The Archbishop of Dublin and Bishop of Waterford and Lismore have called for the easing of restrictions on public worship in messages released last night.
Archbishop Dermot Farrell of Dublin used his homily for the Chrism Mass to “emphasise to Government the importance of the earliest possible return to the public worship”. He also warned that the easing of restrictions on public worship must not be “subordinated” to powerful commercial interests.
“There will be further direct engagement with Government to ensure that specific positive consideration is given to public worship by the end of April,” Archbishop Farrell said.
At the same time, Bishop Alphonsus Cullinan warned the Government that the “patience is wearing thin” of those continually denied access to the Mass.
This comes after it was revealed to The Irish Catholic last weekend that the State had confirmed in the Declan Ganley case that it is an offence to go to Mass, or for a priest to say Mass publicly (other than for a funeral or a wedding).
“I must speak out to represent the voices of a very large cohort of people who are growing increasingly weary of being unable to attend Mass and whose spiritual and mental wellbeing is being eroded. Their patience is wearing thin. They are frustrated and feel unrepresented and discriminated against,” the bishop said.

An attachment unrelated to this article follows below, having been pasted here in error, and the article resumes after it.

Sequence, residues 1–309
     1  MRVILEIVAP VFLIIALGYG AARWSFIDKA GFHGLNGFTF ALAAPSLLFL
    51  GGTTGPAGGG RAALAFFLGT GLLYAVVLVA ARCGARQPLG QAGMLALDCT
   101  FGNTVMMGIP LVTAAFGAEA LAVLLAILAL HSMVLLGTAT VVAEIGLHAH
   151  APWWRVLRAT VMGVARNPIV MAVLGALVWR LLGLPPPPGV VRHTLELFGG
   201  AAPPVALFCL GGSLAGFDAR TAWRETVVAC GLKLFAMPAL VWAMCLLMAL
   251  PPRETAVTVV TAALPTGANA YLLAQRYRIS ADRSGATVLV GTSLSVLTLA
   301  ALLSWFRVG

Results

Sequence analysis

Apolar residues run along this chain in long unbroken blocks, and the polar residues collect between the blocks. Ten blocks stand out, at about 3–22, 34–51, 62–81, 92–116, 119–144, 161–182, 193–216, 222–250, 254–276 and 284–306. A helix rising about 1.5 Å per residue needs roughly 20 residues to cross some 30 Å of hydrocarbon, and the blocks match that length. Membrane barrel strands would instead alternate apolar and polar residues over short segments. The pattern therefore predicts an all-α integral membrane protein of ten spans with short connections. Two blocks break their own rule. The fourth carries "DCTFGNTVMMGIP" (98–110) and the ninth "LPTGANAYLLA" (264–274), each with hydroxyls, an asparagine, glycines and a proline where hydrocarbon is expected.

“When I celebrate Mass each Sunday in the cathedral I do so behind closed doors. I am very conscious of those Faithful barred from attending and yet within a few steps of our cathedral, people can go to shops for essential things – to their pharmacy to get medicine, to their supermarket to get food and even to a café for an out-door coffee.
“Yet they cannot receive Holy Communion in their church which is spacious and can accommodate dozens of people safely,” he said.
“I feel that the spiritual well-being of our people has not been given any serious attention by the authorities. To say that ‘services go online’ is very hard to take and feels dismissive,” he added.
Bishop Cullinan expressed sympathy with the Governmental authorities at “this very difficult time” but asked them to take into consideration the spiritual care of hundreds of thousands of Catholics and people of other faiths “who wish to exercise their rights as guaranteed by our constitution”.
“I do not believe that it is an either/or situation. It is not that we must stop public worship to safeguard physical health. We can do both. We must safeguard people’s health and support their spiritual wellbeing,” Bishop Cullinan said.
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